We rarely like to admit it but we have all at some point pushed the envelope a little too much, either with our indulgence of alcohol or landing an interview we did not feel happy with our performance in. With the Christmas season being a time of reflection on career management and, quite frankly, a licence to binge drink, are there ways we can avoid both?
Falling short at an interview is horrible – it is like getting caught out in the rain, only worse because you had the intention to weather a storm you knew would come much more effectively than you did. Having told people about said storm/interview, everyone is then keen to know how you performed – meaning you then have to explain how you in fact ended up being all at sea.
Likewise having a little too much to drink and being incomprehensible and, in worse case scenarios, sick in public. We have all done our (sometimes more than) fair share of this but hopefully in most cases, as with failing in an interview situation, this has decreased with age.
But every now and again it occurs, more often when we least expect it – so how can this be avoided? Here is my advice to avoid looking like a fool, whether it be during that next round of promotions or at the next big night out.
1) Fail to prepare…
… and you better prepare to fail! When you come to going out make sure you have had plenty to eat to soak up all that Dubonnet you are about to drop kick your liver with. Yes I said Dubonnet, what of it?!
Think of preparing for interviews as the time to stock up on ‘brainfood’ – you want to show you are not only enthusiastic about the role but the organisation as well, you are aware of what its long-term goals and aims are, and how the position fits in to supporting this.
So be prepared – it works better in both examples than slurring/stumbling through a conversation.
2) Know your limits
Likewise it is great to have ambition to make it up the next step on the ‘ladder’ but if you keep finding yourself out of your depth there is a message to be understood. It can only be an effective learning exercise if you either improve your performance during interviews or realise what you need to work on elements of your current role which are not giving you enough exposure to warrant a more senior role. One way or the other a change needs to occur – like Jacko said, start with the man in the mirror!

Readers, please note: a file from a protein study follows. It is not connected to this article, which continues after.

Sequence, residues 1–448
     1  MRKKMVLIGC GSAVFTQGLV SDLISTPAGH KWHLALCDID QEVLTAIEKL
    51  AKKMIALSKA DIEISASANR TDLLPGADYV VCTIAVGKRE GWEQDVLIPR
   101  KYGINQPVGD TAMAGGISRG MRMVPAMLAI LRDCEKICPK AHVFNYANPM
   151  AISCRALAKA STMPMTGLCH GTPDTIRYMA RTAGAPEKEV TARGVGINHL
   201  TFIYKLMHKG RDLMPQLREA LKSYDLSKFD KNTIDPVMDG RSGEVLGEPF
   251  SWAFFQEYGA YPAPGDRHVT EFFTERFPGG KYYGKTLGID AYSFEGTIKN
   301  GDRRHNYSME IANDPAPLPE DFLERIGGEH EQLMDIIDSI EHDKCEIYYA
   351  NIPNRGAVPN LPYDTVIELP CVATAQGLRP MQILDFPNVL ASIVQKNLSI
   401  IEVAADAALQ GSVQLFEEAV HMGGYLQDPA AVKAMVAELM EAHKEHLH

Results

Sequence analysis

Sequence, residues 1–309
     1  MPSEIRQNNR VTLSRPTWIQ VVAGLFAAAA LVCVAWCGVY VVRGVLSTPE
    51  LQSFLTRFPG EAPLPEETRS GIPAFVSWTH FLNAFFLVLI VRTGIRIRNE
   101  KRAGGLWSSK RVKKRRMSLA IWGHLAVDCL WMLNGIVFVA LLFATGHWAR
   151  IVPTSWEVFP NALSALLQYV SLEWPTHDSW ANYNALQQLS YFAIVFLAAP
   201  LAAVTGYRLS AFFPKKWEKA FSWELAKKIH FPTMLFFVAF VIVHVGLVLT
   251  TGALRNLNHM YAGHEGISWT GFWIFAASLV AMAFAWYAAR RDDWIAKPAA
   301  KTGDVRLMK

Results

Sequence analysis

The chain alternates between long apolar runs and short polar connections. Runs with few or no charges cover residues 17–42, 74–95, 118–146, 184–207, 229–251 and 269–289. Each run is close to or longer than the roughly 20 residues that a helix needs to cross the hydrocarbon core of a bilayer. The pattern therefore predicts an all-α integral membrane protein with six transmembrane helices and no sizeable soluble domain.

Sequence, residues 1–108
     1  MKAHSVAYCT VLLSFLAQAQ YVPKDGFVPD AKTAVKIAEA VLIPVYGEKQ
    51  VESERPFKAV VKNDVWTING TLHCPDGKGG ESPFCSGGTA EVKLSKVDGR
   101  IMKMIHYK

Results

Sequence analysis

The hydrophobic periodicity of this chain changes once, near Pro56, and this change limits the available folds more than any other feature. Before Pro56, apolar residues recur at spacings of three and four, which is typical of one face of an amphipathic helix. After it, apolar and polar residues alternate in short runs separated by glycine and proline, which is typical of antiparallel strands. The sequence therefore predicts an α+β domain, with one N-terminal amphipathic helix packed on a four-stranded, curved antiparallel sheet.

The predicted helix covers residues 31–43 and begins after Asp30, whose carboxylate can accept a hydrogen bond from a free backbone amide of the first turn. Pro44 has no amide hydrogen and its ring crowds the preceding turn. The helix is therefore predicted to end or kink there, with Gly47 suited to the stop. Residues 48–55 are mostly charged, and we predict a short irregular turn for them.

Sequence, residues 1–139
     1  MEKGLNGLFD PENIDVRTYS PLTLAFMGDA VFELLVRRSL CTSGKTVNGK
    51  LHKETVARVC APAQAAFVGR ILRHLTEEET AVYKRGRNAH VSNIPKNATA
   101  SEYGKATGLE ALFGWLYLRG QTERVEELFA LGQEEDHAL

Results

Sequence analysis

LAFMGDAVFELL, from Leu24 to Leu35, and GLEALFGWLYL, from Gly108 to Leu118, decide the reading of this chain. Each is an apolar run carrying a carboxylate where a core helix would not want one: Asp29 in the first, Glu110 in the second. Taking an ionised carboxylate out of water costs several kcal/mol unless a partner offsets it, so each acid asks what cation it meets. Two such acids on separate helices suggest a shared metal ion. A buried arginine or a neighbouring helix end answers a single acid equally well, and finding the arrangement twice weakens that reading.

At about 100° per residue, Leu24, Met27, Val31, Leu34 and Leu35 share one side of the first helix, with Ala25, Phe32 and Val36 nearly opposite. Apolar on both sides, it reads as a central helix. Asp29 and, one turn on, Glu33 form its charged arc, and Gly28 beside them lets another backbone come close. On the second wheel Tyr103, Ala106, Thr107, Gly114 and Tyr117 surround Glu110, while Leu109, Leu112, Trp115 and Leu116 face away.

3) Consider this – perhaps you are happier not drinking?
I try this every January and although I feel the benefits in terms of health, I soon find myself making up for lost time in February come 6 Nations time. Nevertheless it is a great was to let the body recover after the heavy Christmas season.
However, what if you actually just drink because you feel obliged to but in fact get no enjoyment from it – either in terms of the social interaction that occurs through it or the actual flavour of your regular beverage? In the same vein, if you are going to interviews but not attempting some of the other steps mentioned previously (researching the organisation, applying the feedback from previous instances, applying for roles that have no relation to your expertise) perhaps you might want to consider evaluating what it is you want from the next role. Your current role might be more of what you enjoy than you realise and then you suddenly find yourself in a great situation – you are happy to be a part of and with no hangover/hang ups to worry about in the future.
Either way in order to effectively plan the next steps, whether it be that application form you have been ignoring or beer after the wine, consider the steps mentioned here. And avoid triple Jaeger bombs or Dubonnet chasers – it is never a good idea, even when you think it might be.